The trip nearly got off to an interesting start - with our plane almost getting diverted to Durban thanks to a massive hailstorm smashing Joburg as we were trying to land to connect to our international flight. Note to self - do not try fly into Joey's in the late arvo in summer - it's hailstorm heaven. After about an hour of circling, it was almost time to bail but luckily a tiny break in the storm let us sneak in. You know the flight was eventful when the whole plane bursts out in spontaneous applause when the wheels hit the ground.
It wrecked havoc with the international flights leaving too.The 2 hour delay proved to be an educational exposure to other cultures. Our Dubai connection was packed with Chinese, who, it transpires, have a very interesting approach to personal hygiene issues in public. Pretty much anything goes. Including having a big sniff, placing a finger on one nostril, and blowing a lekker big snotball out your nose right onto the carpet in front of you in a crowded airport waiting room. Schweet. Not. For 2 hours it was spit, snort, pick nose, burp loudly and any other bodily affliction you felt like sharing. Note to self #2 - do not fly the Emirates 22h20 flight outta JHB, as it's the one that connects to Bangkok.
We'd resigned ourselves to missing our connecting flight in Dubai cos of the delay - but luck was on our side, and it had been delayed as well. Onwards to Kuala Lumpur. Stoked to have booked into a kiff overnight hotel there - cos there was a dude with a sign waiting for us as we left the plane. Just as well, cos it's one flipping big airport and we'd probably still be wandering around there now if we hadn't got a meet n greet. The styling continued when we got picked up by a lil golf buggy and driven through the airport to the hotel.
Glad that I had the extra padding made for the boardbag cos it looked like the All Blacks had done the Haka on it. What the hang baggage handlers do to your stuff once it disappears down the chute is anyone's guess.
Day 2 and a quick trip to the Low cost airport terminus for our Air Asia flight to Padang - organised chaos. About 10 queues and 2.5 hours later and we'd finally managed to ditch our bags. Being low cost means instead of a bus to your plane you get to walk the 1km there. Literally 1km from terminus to where the plane was parked. Note to self #3, rather fly in via Singapore (which we would have done had we not booked so late - there were no flights left)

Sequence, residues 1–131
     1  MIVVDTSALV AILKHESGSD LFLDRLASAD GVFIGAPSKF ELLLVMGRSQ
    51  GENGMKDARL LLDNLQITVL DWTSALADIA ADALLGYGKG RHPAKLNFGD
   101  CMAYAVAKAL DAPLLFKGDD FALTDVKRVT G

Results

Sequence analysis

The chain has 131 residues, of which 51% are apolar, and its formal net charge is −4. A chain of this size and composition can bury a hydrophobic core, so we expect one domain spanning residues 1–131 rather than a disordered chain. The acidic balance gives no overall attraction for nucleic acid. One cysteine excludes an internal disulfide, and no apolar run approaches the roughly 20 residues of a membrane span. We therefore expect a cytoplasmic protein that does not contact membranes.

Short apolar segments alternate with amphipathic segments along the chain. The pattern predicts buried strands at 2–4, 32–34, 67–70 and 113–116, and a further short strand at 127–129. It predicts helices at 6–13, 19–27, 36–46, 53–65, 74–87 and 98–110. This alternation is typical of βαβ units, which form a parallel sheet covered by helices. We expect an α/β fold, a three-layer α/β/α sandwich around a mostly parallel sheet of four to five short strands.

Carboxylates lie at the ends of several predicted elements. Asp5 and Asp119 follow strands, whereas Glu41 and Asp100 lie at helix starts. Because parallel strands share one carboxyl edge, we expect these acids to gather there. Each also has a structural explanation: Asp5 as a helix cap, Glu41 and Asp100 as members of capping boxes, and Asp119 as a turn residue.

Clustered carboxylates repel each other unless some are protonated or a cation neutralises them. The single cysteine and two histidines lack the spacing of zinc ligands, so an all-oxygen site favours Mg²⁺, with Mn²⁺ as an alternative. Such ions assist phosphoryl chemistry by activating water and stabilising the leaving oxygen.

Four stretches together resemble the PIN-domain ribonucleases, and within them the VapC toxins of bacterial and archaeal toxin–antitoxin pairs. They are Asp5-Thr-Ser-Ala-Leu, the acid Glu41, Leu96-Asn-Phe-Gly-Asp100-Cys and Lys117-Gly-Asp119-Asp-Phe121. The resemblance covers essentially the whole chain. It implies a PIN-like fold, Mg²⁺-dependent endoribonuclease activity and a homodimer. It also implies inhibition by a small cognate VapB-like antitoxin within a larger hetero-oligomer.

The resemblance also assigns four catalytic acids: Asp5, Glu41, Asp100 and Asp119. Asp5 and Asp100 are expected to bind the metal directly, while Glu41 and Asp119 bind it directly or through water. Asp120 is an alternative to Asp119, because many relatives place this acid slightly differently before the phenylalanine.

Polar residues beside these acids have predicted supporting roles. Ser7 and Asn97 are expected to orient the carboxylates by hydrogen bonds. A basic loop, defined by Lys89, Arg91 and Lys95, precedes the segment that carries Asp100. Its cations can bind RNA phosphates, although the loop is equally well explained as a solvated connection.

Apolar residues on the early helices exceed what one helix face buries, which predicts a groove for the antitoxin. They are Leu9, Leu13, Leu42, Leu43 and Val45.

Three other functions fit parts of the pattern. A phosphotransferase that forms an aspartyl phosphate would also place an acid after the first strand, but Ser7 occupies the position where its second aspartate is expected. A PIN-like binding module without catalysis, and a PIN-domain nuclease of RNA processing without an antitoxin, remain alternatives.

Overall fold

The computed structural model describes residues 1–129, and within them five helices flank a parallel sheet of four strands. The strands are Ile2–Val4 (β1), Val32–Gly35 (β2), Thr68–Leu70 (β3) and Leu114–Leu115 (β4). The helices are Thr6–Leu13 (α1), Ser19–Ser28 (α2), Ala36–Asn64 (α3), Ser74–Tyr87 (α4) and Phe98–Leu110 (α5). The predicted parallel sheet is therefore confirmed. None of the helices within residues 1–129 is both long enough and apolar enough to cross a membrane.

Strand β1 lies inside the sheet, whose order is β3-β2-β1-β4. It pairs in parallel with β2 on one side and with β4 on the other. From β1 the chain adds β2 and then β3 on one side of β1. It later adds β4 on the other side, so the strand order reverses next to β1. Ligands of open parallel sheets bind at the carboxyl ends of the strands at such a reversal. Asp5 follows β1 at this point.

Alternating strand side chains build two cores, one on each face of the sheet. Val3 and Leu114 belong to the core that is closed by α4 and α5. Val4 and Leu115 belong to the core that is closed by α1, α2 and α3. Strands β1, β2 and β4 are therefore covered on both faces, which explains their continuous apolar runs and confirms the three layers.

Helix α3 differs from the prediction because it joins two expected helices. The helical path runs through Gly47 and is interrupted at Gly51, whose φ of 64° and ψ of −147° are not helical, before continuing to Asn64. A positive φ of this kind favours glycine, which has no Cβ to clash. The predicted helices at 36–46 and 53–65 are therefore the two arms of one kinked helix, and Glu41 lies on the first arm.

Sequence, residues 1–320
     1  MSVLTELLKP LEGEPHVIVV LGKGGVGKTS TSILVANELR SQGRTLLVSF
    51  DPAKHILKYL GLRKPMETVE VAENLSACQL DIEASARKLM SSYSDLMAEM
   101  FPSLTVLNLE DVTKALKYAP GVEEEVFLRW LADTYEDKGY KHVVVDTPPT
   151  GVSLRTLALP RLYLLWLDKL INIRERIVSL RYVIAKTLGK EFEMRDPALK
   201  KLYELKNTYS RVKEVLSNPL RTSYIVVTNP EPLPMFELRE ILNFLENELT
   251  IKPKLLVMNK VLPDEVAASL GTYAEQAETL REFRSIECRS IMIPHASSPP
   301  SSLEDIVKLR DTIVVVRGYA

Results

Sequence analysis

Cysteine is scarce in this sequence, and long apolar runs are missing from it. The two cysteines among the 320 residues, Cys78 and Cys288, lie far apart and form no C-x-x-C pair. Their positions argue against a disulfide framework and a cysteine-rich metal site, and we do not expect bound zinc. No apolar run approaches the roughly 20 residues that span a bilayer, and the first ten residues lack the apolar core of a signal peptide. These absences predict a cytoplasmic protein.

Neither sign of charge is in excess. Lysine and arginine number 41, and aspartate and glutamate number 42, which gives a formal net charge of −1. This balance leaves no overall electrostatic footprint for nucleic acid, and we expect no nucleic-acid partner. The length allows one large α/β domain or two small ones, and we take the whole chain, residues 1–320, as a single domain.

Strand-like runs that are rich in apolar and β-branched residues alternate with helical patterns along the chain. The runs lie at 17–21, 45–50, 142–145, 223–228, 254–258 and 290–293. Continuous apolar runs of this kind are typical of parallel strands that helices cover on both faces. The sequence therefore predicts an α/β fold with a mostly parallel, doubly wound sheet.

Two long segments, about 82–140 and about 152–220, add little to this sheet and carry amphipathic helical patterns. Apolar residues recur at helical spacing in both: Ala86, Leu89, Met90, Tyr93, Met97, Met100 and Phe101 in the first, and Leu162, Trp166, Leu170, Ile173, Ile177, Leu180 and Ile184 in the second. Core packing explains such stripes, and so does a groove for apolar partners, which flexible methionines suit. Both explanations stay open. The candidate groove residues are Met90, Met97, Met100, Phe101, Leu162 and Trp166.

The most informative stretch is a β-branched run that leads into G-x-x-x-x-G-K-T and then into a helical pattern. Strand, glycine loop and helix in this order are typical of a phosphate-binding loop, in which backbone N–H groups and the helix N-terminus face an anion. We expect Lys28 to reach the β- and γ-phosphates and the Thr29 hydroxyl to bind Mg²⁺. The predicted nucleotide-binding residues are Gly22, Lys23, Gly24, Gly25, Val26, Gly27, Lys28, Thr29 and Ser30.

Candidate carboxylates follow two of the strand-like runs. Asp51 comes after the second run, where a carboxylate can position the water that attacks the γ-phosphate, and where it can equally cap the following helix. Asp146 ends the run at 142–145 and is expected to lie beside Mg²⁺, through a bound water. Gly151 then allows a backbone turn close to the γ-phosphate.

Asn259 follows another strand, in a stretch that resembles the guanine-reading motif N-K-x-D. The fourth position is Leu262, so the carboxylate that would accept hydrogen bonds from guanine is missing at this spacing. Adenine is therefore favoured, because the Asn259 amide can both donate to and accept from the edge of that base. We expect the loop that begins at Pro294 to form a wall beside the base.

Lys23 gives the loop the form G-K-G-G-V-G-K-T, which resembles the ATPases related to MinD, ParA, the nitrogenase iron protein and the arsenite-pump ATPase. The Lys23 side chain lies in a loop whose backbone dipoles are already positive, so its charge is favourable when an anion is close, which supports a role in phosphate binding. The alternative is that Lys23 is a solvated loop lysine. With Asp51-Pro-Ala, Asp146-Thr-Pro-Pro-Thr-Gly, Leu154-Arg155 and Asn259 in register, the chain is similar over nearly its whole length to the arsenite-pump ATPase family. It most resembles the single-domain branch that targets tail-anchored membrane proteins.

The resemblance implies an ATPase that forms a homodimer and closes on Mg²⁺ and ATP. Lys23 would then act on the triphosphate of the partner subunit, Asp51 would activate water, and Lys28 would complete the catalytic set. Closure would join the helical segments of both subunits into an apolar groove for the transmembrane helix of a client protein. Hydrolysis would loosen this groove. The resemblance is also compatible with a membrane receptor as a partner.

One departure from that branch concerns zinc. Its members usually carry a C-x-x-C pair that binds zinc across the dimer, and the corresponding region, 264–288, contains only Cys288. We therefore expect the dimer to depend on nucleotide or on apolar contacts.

Padang. Finally. The typical mission through customs where you had to unpack everything - turns out it was the rugby ball that had got them confused! Then a 40 minute drive up into the foothills outside of Padang where we'll be spending the night in a homestay before catching a lil charter flight out to the islands tomorrow.
Can't wait to get in the water!
Feel like winning your very own custom surfboard by legendary Seals shaper Simon Fish aka Fishstix? Course ya do! Then buy yourself a raffle ticket from Faye Zoetmulder for R50. Faye's raising money so she can get on the WQS next year as she doesn't have a sponsor. She's also having a Trivia evening at the Cape St Francis Resort next Saturday - so grab some mates and book a table (R120 pp). Live music, kiff chow and lots of fun.
Thoughts and prayers with JBay ripper Matt McGillivray who underwent elective surgery earlier in the week to correct a congenital anomaly of his breastbone. Matts was concave instead of flat, so he had some panel-beating done to sort it out. He'll be out the water for 6 weeks at least. Get better quick kid!
Britney is not only a great surfer, but she sure know what to do with a koki pen too. Ok, technically they called Zig Pens, but just fancy koki pens for surfboards and whatever else you want to doodle all over. So look out for Britney & Robyn rocking their custom-koki'd sleds.
Sticking with boards - Brad Beck has recycled himself a 70's single fin classic. Reckons it's a heavy bastard, but once it's all sanded down he should be having some summer fun on it. The guys at the CYOH comp had a blast on the Catch Surf boards that Roosta brought down this weekend. They're made out the same stuff as bodyboards, so essentially foamies with class. Most are finless so you can 360 and slide out to your hearts content.